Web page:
interview with Otto Bost
December 1997

On December 28, 1997, John Gorka visited the studios of WDIY-FM, and recorded an interview with Otto Bost, which was broadcast the following night on Otto's weekly radio program, "Acoustic Eclectic." John had just concluded a two-and-a-half month break from performing (his longest break in eleven years), and had opened his tour the night before at Godfrey Daniels in Bethlehem, PA. What follows is a transcript of the interview.

The broadcast began with John's performance of "CHRISTMAS BELLS".

Otto: You're listening to "Acoustic Eclectic," on WDIY. My name is Otto Bost, and my guest in the studio this evening is the man named "songwriter of the year" by the Kerrville Music Foundation, mister John Gorka. Hi, John. Welcome to WDIY.
John: Thank you. It's nice to be here. It's good to be back home.

Otto: You've had a long-time association with the Lehigh Valley of Pennsylvania, and yet you sing about being from New Jersey, and you actually live in Minnesota.
John: That's right.

Otto: How do you put those puzzle pieces together?
John: Well, I was born and raised in New Jersey. I grew up in Colonia, New Jersey, and moved to Bethlehem to go to school in 1976. I went to Moravian College, there on the north side. And I started playing at the coffeehouses in the school right away, the very first day, even. They had freshman orientation . . . they had a freshman orientation coffeehouse that I played at, and I met some of the other people who played there at that same show. Then there was another guy in the audience who, uh I was playing banjo, and this other guy was playing mandolin, and the guy in the audience was a guitar player, and he knew hundreds of songs. His name was Doug Anderson, and we together with Russ Rentler, the mandolin player, we formed a band called the Razzy Dazzy Spasm Band. It was kind of a bluegrass band, but not a real formal, traditional one.

Otto: Wasn't Richard Shindell in that band?

John: Yeah, he came, he came later. He was, I think, a year or so a year, maybe two years younger than the rest of us, and so he came in a little bit later, and he became the lead guitar player.

Otto: Small world.
John: Yeah. It's really funny. He's doing really well. He's got three really good records. He's getting out there.

Otto: So, now you're living in Minnesota.
John: Yeah.

Otto: Been there for, what, a couple of years now?
John: Uh, I guess, uh, I'm trying to think is it two years now? Or one year? No, I guess it is two years, 'cause I got married last year. We had a baby this past October. So, yeah . . .

Otto: That's wonderful. What's the baby's name?
John: His name's Joseph.

Otto: Is he doing all sorts of interesting things these days, or what?
John: He hasn't been doing too much recording or anything, or playing guitar. Mostly been playing harmonica. Which is good, 'cause he doesn't have any teeth. Works out well.

Otto: Going through all the right bodily functions at the right times?
John: Seems to be the case. Kinda seems to be all my wife and I talk about, his bodily functions.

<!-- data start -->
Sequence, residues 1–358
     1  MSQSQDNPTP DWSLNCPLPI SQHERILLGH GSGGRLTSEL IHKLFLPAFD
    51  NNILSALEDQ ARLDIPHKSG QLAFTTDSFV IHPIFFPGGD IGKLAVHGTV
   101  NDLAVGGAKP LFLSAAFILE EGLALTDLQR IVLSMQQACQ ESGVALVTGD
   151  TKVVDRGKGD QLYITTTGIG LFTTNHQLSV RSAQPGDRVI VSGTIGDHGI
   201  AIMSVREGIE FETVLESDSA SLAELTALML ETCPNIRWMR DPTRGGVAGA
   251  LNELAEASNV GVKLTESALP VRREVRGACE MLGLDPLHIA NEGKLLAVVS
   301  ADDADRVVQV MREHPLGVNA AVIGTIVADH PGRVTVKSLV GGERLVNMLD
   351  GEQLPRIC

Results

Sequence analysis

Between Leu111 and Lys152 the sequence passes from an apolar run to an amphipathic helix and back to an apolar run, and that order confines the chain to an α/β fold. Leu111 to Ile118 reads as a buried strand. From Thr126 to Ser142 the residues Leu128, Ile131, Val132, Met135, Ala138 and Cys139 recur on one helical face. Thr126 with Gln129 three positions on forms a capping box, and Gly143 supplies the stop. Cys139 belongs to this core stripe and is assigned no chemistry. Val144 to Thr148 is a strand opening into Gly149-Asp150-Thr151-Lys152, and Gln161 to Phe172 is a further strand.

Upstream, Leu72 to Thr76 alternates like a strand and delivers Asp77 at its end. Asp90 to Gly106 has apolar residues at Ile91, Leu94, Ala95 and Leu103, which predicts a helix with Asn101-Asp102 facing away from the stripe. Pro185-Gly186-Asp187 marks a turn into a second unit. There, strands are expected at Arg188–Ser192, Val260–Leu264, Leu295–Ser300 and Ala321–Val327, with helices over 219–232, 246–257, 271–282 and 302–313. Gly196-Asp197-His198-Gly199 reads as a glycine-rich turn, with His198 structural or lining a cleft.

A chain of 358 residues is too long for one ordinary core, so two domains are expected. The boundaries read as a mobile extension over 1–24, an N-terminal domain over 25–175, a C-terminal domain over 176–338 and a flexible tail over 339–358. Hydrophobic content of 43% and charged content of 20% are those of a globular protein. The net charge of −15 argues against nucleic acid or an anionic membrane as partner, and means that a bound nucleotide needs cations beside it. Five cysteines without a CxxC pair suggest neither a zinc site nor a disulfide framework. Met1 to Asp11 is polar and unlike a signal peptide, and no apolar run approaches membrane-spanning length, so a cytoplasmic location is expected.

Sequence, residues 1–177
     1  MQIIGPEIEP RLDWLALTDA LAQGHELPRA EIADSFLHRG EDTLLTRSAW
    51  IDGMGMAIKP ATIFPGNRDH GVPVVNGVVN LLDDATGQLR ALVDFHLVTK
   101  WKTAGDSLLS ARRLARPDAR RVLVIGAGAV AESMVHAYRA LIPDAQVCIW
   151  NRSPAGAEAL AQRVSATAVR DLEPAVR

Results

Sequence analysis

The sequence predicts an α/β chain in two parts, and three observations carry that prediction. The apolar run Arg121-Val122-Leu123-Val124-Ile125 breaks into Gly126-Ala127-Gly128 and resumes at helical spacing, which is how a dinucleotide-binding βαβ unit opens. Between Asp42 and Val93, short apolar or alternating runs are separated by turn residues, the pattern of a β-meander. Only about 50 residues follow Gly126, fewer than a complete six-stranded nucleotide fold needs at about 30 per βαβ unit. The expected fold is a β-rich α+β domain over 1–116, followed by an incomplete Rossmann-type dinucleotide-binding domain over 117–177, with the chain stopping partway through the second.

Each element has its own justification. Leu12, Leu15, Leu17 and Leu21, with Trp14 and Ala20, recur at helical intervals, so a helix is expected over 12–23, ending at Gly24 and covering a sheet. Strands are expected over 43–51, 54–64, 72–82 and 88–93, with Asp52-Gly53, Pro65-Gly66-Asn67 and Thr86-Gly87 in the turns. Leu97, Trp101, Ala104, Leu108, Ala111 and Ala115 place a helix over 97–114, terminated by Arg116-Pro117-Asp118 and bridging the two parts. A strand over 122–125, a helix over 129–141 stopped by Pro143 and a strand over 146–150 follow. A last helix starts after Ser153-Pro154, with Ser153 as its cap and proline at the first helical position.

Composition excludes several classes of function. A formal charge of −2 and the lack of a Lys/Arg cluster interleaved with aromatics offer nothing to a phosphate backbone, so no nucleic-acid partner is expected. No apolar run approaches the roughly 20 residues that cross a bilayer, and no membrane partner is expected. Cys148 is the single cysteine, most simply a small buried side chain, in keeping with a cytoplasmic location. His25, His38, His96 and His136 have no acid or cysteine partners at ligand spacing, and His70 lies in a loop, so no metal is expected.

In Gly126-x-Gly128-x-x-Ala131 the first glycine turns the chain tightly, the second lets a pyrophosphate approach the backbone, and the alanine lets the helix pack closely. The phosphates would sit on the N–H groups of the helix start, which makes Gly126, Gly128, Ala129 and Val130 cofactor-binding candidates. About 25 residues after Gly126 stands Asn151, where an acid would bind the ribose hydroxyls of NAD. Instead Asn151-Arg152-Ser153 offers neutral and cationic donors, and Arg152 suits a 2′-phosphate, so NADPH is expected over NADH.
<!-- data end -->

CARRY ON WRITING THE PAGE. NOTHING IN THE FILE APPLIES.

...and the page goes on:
Otto: (laughs) You've been doing a song . . . you did a song at Godfrey's the other night, about impending fatherhood.
John: Yeah.

Otto: Tell me about that.
John: It's, uh I was out in Northern California, kind of on the one of my, uh I'm not sure, let's see . . . I think it was in the springtime, last spring. My wife had been pregnant a few months at that point, and I was kind of anticipating what the new life would be like. I mean, my life, as well as the baby. And I was driving down the central valley, California, driving south from Chico, and passing through all these farm fields and orchards, and I passed by this one farmhouse that had some cypress trees growing along side it. Just the image of these cypress trees, and the idea of having a family, somehow came together in my head, and I was moved by the image, because the cypress trees can be planted close together, 'cause they're they tend to grow more vertical than horizontally. Um, so I turned that into a song. I'll play that for you. Same key as the last one.

John performs "CYPRESS TREES"

Otto: Wonderful. Wonderful new stuff from John Gorka. That's called "Cypress Trees."
John: Yeah. It's, uh this is, uh coming back and playing at Godfrey's . . . I just played at Godfrey's. It was the first time playing since the baby came, and so it's about two and a half months that I, uh I've had off. It was a little scary getting started playing again, but, uh but it was fun, and it was the best place to do that. Getting back into performing at Godfrey's.

Otto: Yeah, it's a lot like playing at home, I would guess.
John: Yeah, yeah.

Otto: Your latest album was called Between Five and Seven, and I guess since that album's come out, you've begun to show up on a few compilation CDs, and stuff like that . . .
John: Yeah, I've been doing some of those things. I've been kind of obsessed the last couple of years with a home recording kind of idea, and I've been doing some of that, some of those compilation things, at home. And that's what I'd like to persue more. But there's also one coming up, I guess a Kate Wolf compilation that Nina Gerber, who played with Kate, is producing. I did a song, I recorded that near Seattle, I guess, in October, just before coming back home for paternity leave.